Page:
A Baltimore City judge will decide by Tuesday morning whether to extend a court order forcing Gov. Larry Hogan and the state government to continue paying enhanced federal unemployment benefits to tens of thousands of jobless Marylanders despite the governor’s efforts to cut off benefits.
But the expanded federal pandemic unemployment programs will continue for at least another month after the Biden administration notified Maryland Labor Secretary Tiffany Robinson that the state would need to provide 30 days advance notice before opting out of the programs — even if Baltimore City Circuit Judge Lawrence Fletcher-Hill rules Hogan can end them.
Fletcher-Hill heard hours of testimony Monday about whether he should extend that order in two lawsuits brought by out-of-work Marylanders against the Hogan administration to block the moves. The judge said he planned to issue a written decision no later than 10 a.m. Tuesday.
The workers who filed the lawsuits are asking Fletcher-Hill to issue a preliminary injunction ordering the Hogan administration to continue the federal benefits until the cases are resolved. No trial has been scheduled yet.
Federal rules require at least 30 days notice before states can opt out of the pandemic unemployment programs. U.S. Deputy Assistant Secretary of Labor Suzi Levine sent an email to Robinson on Friday contending that, because Maryland extended the programs under court order, the Hogan administration would need to submit notice all over again before ending benefits.
Asked about the email while testifying, Robinson said she had not yet responded to the U.S. Department of Labor but indicated that the Hogan administration would go along with the 30-day requirement should the governor win in court.
Hogan previously contended that Maryland could cut off expanded benefits as soon as this Wednesday if Fletcher-Hill allowed the court order to lapse. But a lawyer representing the governor told the judge Monday that the Hogan administration did not plan to challenge the Biden administration’s position.
The expanded pandemic federal unemployment benefits are set to end nationally on September 6. The programs provide an extra $300 per week to unemployed workers in the state’s traditional unemployment system and also offer benefits for out-of-work Marylanders — such as freelancers or gig workers — who aren’t normally eligible for unemployment as well as those who have exhausted the regular 26-week cap on benefits.
The Biden administration’s requirement that Maryland provide another 30-day notice before canceling the benefits lowers the stakes in the lawsuits. The soonest Hogan could cut off benefits in Maryland would be about three weeks before the federal programs are slated to end.
As of mid-June, about 178,000 people were receiving unemployment benefits in Maryland, and 85% of them were receiving them entirely through federal programs created in response to the pandemic.
Governors in about two dozen states — almost all, like Hogan, Republicans — have canceled those expanded benefits early, claiming that the increased jobless aid was hurting businesses by making people more reluctant to return to work as the economy reopens. Hogan administration officials, including Robinson, testified Monday that the governor’s decision to pull out of the unemployment programs also was driven by rising vaccination rates and concern about what they characterized as “extensive fraud” in claims.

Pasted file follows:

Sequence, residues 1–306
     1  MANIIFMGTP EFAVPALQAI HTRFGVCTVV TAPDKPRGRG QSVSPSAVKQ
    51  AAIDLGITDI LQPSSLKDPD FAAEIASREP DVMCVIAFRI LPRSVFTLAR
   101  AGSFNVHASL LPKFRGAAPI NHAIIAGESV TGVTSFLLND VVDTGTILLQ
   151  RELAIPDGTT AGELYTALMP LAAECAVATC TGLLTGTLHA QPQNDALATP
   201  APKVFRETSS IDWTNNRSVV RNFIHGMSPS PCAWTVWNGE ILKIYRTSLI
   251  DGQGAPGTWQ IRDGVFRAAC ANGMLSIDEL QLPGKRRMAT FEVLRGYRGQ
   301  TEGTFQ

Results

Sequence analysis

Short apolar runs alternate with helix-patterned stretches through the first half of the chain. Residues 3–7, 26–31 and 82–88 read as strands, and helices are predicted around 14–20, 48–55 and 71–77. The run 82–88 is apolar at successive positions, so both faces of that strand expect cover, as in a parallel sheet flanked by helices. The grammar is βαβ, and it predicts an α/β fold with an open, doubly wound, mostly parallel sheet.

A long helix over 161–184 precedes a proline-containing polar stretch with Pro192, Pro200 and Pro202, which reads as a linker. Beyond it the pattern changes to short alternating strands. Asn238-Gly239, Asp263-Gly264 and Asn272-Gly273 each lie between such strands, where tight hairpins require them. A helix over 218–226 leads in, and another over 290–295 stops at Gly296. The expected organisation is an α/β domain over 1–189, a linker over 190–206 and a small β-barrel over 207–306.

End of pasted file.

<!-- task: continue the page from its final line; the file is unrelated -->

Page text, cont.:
Although the federal government is footing the bill for the benefits, Robinson said the state will end up on the hook for part of the cost of administering the programs, including investigating suspicious claims. Robinson estimated the state’s final share of the expense at roughly $65 million, a figure questioned by the attorneys suing the state.
Critics of Hogan’s move contend that there’s little evidence that the expanded unemployment benefits are to blame for the struggles of some businesses to find workers or that cutting off benefits to scores of workers would solve the labor shortage.
Lawyers challenging Hogan’s decision to end the program pointed to other issues such as lingering concerns about exposure to the coronavirus, working parents’ difficulties finding child care and an uneven economic recovery where some industries have been slower to bring back jobs.
The lawsuits were organized by the Public Justice Center and the Unemployed Workers Union, which is affiliated with the Baltimore activist group, the Peoples Power Assembly, and UNITE HERE Local 7, a union that represents hospitality workers. The first lawsuit was filed June 24 and the second lawsuit followed June 30, setting off a flurry of legal filings as the cutoff of benefits — which Hogan hoped to end at the beginning of July — loomed.
Hogan’s lawyers tried and failed three times over the Independence Day holiday weekend to appeal Fletcher-Hill’s temporary restraining order.
The lawsuits argue that language in state statute requiring the state to participate in federal unemployment programs — recently strengthened by lawmakers in the state’s Democrat-led General Assembly — could be interpreted as a mandate that the Hogan administration accept all available federal funds for unemployment.
The clause states that the Maryland Department of Labor “shall” cooperate with the U.S. Department of Labor and “identify all changes in federal regulations and guidance that would expand access to unemployment benefits or reduce bureaucratic hurdles to prompt approval of unemployment benefits.”
Attorneys representing the Hogan administration rejected that position, contending that the governor was well within his legal authority when he decided to opt out of the programs.